This segment represents a bit about the meaning behind almost all of the main characters, aside from Chillingworth, who is the speaker. It shows how Dimmesdale has a “dim interior,” and how Pearl is “precious materials. ” 7. “…’for the hatred that has transformed a wise and just man into a fiend! Wilt thou yet purge it out of thee, and be once more human? ‘” (Hawthorne 159). This passage describes the motif of meaningful names. This section specifically describes Chillingworth, who actually has the word “chill” directly in the name. A chill is a uncomfortable cold and gruesome feeling.

This feeling is very similar to the feeling Hester receives every time she looks or thinks about her former husband. 8. “Her Pearl! -For so had Hester called her; not as a name expressive of her aspect, which had nothing of the calm, white unimpassioned luster that would be indicated by the comparison. But she had named the infant “Pearl,” as being of great price,-purchased with all she had,-her mother’s only treasure! ” (Hawthorne 82). This quote represents how Pearl has a meaningful name and why she received the name that she did. Literally, a pearl is a rare gem found inside the shells of mollusks.

Although beautiful, pearls are difficult to obtain. They are also difficult to match pearls, because each one is different and unique. This shows how unusual and unique Hester’s own daughter is. 9. “It seemed, at this point, as if the minister must leave the remainder of his secret undisclosed. But he fought back the bodily weakness,- and, still more, the faintness of heart,-that was striving for the mastery with him. He threw off all assistance, and stepped passionately foreword a pace before the woman and the child” (Hawthorne 232).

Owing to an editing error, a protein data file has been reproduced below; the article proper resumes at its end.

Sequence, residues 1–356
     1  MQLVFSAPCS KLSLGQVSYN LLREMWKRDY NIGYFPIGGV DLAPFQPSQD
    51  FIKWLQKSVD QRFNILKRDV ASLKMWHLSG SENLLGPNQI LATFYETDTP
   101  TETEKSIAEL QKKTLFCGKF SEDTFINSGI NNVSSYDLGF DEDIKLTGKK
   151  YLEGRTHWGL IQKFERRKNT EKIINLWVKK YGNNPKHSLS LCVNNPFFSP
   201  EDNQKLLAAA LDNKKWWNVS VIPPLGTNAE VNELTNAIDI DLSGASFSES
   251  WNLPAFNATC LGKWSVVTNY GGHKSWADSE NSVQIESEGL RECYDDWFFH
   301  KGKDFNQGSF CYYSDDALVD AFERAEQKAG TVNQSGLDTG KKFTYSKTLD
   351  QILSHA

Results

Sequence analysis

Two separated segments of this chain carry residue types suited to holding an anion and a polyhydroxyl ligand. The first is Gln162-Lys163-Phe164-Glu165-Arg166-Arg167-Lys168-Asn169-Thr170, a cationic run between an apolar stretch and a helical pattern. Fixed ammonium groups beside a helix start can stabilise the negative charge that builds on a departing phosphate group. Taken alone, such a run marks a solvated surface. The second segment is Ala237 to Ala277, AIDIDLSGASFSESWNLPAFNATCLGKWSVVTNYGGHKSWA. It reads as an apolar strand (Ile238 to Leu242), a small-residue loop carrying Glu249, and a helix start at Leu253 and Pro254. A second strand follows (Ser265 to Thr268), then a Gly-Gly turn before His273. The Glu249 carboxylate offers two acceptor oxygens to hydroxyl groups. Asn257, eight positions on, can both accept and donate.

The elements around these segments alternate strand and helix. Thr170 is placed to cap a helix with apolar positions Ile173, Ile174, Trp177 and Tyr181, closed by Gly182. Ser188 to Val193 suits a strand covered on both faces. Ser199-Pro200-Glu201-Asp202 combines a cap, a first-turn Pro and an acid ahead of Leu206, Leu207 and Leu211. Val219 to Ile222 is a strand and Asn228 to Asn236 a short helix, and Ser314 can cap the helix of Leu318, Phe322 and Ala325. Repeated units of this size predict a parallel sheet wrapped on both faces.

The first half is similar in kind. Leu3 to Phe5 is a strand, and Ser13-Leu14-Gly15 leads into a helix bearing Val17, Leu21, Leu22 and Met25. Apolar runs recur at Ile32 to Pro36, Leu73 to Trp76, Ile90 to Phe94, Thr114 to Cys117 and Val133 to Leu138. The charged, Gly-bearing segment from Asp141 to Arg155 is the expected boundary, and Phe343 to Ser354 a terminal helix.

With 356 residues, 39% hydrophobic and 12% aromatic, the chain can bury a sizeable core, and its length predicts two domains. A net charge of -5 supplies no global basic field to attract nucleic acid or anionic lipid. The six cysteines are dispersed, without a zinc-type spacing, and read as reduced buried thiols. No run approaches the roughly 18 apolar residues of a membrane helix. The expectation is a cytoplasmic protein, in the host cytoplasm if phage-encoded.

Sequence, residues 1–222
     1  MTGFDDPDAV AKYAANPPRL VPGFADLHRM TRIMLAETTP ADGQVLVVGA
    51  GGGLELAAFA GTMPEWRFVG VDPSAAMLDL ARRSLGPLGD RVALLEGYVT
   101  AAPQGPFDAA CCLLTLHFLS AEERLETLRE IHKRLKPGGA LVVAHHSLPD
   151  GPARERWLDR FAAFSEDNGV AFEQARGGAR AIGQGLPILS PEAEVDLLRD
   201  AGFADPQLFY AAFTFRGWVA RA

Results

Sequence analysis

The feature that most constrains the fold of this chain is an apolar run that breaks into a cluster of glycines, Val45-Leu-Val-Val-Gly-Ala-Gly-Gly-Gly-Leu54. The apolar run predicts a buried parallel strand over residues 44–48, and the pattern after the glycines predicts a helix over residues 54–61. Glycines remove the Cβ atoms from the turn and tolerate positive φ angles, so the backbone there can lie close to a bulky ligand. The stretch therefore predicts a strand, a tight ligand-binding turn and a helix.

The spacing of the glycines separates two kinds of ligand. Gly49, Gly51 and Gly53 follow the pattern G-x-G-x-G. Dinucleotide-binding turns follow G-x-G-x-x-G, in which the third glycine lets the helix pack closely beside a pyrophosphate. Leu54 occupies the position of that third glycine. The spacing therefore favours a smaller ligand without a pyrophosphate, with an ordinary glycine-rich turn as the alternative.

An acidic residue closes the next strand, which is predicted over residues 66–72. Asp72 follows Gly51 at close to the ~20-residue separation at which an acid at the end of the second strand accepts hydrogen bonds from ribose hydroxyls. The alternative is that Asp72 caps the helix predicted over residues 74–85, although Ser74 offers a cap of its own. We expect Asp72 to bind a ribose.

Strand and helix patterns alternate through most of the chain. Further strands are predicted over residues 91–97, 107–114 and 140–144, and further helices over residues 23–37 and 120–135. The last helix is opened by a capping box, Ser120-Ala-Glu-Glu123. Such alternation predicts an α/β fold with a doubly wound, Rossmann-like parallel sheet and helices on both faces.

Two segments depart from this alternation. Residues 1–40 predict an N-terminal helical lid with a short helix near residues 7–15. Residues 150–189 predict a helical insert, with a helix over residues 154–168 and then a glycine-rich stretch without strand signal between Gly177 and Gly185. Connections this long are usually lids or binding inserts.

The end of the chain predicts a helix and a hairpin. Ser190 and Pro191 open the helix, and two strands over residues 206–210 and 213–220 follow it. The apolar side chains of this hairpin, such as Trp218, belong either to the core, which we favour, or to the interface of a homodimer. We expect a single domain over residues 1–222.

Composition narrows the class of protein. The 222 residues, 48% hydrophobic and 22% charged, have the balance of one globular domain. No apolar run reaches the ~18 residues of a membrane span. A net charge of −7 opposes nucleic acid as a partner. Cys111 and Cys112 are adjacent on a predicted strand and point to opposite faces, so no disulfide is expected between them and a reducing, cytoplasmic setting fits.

This passage helps to describe the meaning of Dimmesdale’s name. Dimmesdale has the exact word dim in itself. Dim means cloudy or hazy. This name suits Dimmesdale very well because throughout the novel Dimmesdale is very unclear about his feelings about whether or not to confess to his sin, or to live in his guilt. 10. “‘I will not speak! ‘ answered Hester, turning pale as death, but responding to this voice, which she had too surely recognized. ‘And my child must seek a heavenly Father; she shall never know an earthly one! ” (Hawthorne 64).

Hester is the last and final main character who has a meaningful name. Hester is an altered form of the name Ester. Ester was a biblical Jewish queen who stopped the Persians from massacring the Jewish people. Ester is a symbol of strength, similar to the way Hester is a symbol of strength in The Scarlet Letter. Motifs are reoccurring ideas, literary devices, or contrasts that can enhance the overall theme of the novel. In The Scarlet Letter, motifs are extremely present throughout the entire book. The title itself represents a reoccurring motif that is detrimental to the story line.

When combined with foreshadowing and dramatic irony, motifs enhance the readers insight by giving he/she subtle clues as to the significance of the motif, and why it is continuously being brought to the readers attention. One can learn an abundance more from simply watching for motifs and reoccurring themes in novels and discover hidden meanings that are between the lines and the blank ink on the page. Without motifs, The Scarlet Letter would cease to be a novel and have a story, seeing as the whole novel is based around a motif. Motifs add depth and clues to a novel and enhance the enjoyment of a book.